So, Yearly has been selling pretty well, much to my surprise.
By selling well, I mean that it sold an average of a copy a day last month (the final count was 33). That’s pitiful if you’re someone else, but that’s fantastic if you’re me. Thirty copies of one title in a month is more that I’ve sold of everything else in over a year. I’ve sold over 60 copies of Yearly since its release in February. And things are already looking good for this month, too. If I could hit 100 total by June, that would be like meeting a goal I didn’t think I could even set. Sad, but that’s just how my writing career has gone so far. Slow build.
And by surprising I mean that I didn’t expect Yearly to do much of anything. It’s a short story anthology. I didn’t expect it to really hit on anyone’s radar. And yet, it seems someone finds it nearly every day. I’m not sure if this is the power of word of mouth or keyword searches or what, but I like it.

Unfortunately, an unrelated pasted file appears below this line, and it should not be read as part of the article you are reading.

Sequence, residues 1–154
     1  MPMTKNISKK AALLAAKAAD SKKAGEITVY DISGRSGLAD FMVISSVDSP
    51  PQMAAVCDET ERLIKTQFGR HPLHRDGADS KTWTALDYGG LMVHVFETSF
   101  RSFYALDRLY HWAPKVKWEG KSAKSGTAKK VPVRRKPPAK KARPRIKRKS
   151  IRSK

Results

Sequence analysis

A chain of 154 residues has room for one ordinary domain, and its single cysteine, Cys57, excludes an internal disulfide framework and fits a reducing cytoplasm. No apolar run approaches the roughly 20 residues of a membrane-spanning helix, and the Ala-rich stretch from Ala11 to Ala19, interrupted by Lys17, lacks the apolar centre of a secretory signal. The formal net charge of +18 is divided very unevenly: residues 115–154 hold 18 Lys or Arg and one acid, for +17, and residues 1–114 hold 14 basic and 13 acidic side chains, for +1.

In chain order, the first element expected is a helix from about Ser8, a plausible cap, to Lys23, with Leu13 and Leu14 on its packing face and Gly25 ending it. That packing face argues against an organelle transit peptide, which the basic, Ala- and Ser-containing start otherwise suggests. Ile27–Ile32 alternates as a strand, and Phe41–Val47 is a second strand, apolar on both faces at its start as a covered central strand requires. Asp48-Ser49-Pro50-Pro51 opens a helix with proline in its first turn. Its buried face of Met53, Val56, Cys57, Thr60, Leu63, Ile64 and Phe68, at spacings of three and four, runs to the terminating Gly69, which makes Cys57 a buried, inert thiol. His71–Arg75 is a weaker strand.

I think it also automatically sets me up for disappointment.
My own publishing schedule had me putting out something new next month. There’s almost always a surge of interest right after I publish something (except for Night of the Nothing Man, that’s just hated) because it’s new and people want to see if it’s worth the time and money. Inevitably, after that first week, interest disappears.
At least that’s the norm.
Right now, Yearly is a hit, but it’s also an anomaly. I’m not sure that the next thing I do will do so well. I may be a one-hit wonder instead of a chart topper.
I hope I can handle that.